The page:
"When dawn spreads its paintbrush on the plain, spilling purple... ," Songs of the Pioneers song from TV show "Wagon Train." Dawn on the mythic Santa Fe Trail, New Mexico, looking toward Raton from Cimarron. -- Clarkphoto. A curmudgeon's old-fashioned newspaper column, cross-breeding metaphors and journalism and art, for readers in 150 countries.

Wednesday, July 1, 2015

I am a Confederate, but...

I am a Confederate.
My folks fought for the Confederacy.
I grew up with many white Americans, hearing the romantic myths about the Confederacy, and very little about the horrors of slavery.
In high school I believed the argument that the war was not about slavery, but about northern economic aggrandizement (which is where I first heard that word).
There was even a TV show, "Johnny Reb."
I love history and romanticized the South, because I also love underdogs. To this day, my brother Jerry says that I just like to be contrary.
I'm also a Texan, and that adds to the chemistry of misty eyes at the sound of the word "Alamo."  Can't help it...it's part of my heritage. Thus I still like causes that take on the odds, the established authority.
I've even seen that flag flying from a ranch house in the remote Texas panhandle, and with U.S. troops in Afghanistan. It is a pervasive symbol for some of defiance.
But for others, it is uglier.
Still, I'm proud of my ancestors who fought for "Southern Independence."
But.
Thanks to genealogy work by my oldest son, I found that my great-great grandfather did own slaves. That is a very disturbing feeling, when we always thought that we were somehow purer, and just fought for "The Cause."
I had a photo in my office one year of some Confederate re-enactors, marching under that battle flag.  
A black student in my office  commented that he hoped I would treat him with dignity.
That's when it first dawned on me that the Confederate battle flag had become a symbol of racism and hatred.
I despise the KKK and others making that flag of blood and bravery--a flag many brave people served and died under-- a disgrace, but they have.
The Stars and Bars
It is not the flag of the Confederacy, the Stars and Bars--which flies at the Oklahoma capitol and at Texas welcome centers. That flag was so similar to the stars and stripes that the Confederate battle flag, at first square, was adopted because it was hard for the Southern armies to tell if those in the distance were friend or foe. Like the U.S., there are several versions of the flag through the brief history of the Confederacy.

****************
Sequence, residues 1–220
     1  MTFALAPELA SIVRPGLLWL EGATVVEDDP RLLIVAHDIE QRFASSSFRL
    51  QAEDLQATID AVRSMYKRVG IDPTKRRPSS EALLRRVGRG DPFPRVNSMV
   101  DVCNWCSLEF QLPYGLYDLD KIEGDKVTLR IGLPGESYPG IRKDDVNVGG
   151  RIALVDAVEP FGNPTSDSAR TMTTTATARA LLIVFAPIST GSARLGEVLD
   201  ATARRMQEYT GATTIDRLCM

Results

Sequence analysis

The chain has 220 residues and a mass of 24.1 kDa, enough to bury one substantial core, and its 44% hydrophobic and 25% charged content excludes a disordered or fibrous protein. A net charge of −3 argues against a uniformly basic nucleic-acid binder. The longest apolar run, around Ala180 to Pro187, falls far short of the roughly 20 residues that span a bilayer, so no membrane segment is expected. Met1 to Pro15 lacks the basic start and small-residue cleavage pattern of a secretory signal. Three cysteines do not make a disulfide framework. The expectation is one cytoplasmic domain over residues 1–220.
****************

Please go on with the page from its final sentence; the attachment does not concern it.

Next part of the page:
I have mixed feelings about this. I even read an article in a British paper recently claiming that slavery wasn't the cause of the Civil War--"The War Between the States," for my people. The author argued that if the South hadn't seceded, slavery would not have been done away with so soon. I agree with that small point, but it is moot.
I see a few car tags and bumper stickers here in Oklahoma that are the actual Stars and Bars...those are Southerners making their point without being racists.
I know graves in Oklahoma and across the South are decorated with the battle flag every Memorial Day. I think that is ok, though many disagree.
I also agree that the battle flag should be allowed during the Civil War re-enactments held every year...it is a historical document--men marched and died under that flag--accuracy demands it. I know others will disagree, and others--including a Union re-enactor-- sum up the controversy by saying, "It's complicated." Indeed.
In my freshman year in college in Oklahoma, my debate partner was a black Church of Christ ministerial student, Arthur Smith. We lost debates because of that, and were refused service in Texas. I heard him called the "N' word on the Oklahoma Christian College campus.
I know this now...that  Confederate battle flag would have insulted and disturbed him...with good reason.
And the actions of the maniac in South Carolina and the KKK, add salt to an honorable wound.
It's time to take that flag down. It belongs in museums, on graves, and in re-enactments, like the tattered one at Gettysburg, but not flying from government buildings or elsewhere in  America.
This proud Confederate says, "Take it down."

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